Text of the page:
At a 65.1% share the majoritarian duopoly is creaking. At 60% (34% -v- 26%) is starts to fall apart, as no party can achieve a majority. People increasingly want clear, relatively narrowly defined political choices, rather than the broad church bullies who hold their “coalition forming” debates internally, rather than outwards towards the public, as in the recent Lib Con formation. Lib Dems should encourage people on the right of the Conservative party to vote UKIP and people on the left of the Labour party to vote Green. After all, what sort of political party can honestly reconcile the beliefs e.g. of both David Cameron and Bill Cash? Our victory, in forming part of the government and getting many of our key policies implemented should quash the ideas that (a) a vote for us is merely oppositional and hence wasted and (b) that we are some sort of Labour lite party. Both factors should help us harden our vote share. Furthermore we should encourage people who might like to vote for us but fear letting in their most hated choice amongst the majoritarian duopolists, that we can actually moderate the worst excesses of the red & blue, by forming part of the government.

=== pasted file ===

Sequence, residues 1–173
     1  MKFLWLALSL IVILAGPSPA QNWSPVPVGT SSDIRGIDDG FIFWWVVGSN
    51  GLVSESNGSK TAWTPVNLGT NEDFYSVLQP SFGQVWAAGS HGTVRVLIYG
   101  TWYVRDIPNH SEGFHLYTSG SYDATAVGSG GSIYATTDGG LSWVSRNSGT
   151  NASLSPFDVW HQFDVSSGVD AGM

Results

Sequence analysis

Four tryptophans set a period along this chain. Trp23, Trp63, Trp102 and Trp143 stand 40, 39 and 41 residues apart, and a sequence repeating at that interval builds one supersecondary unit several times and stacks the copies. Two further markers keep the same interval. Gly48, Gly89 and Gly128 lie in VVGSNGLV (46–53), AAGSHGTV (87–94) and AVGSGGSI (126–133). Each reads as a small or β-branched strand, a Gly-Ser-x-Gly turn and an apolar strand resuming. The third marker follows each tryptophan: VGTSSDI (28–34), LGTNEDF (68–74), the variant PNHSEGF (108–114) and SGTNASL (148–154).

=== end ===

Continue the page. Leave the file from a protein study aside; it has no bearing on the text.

• Paul McKeown 18th May '10 - 2:14pm

    @Democratic Socialist Dave

    Thank you very much for collecting this data. I assume your 3rd stab at it is correct. I think it would be very useful to have this analysed in detail, with reference to historical events.

    Some initial observations:
    1) From 1945 to 1997, the majoritarian duopoly never failed to poll less than a combined 21.5 million votes, usually much, much more
    2) From 2001 to 2010, the majoritarian duopoly never managed to poll more than the recent 19.3 million votes
    3) “Liberal Democrat” votes imploded from 1945 to 1951 and failed to recover to their previous levels until 1964. Is this due to those Liberal icons (1) Jo Grimond and (2) the Orpington bye-election, or did the party simply contest more seats from 1964? Data needed…
    4) “Liberal Democrat” votes surged dramatically from 1970 (2.1 million) to 1974 (6.1 million). Why?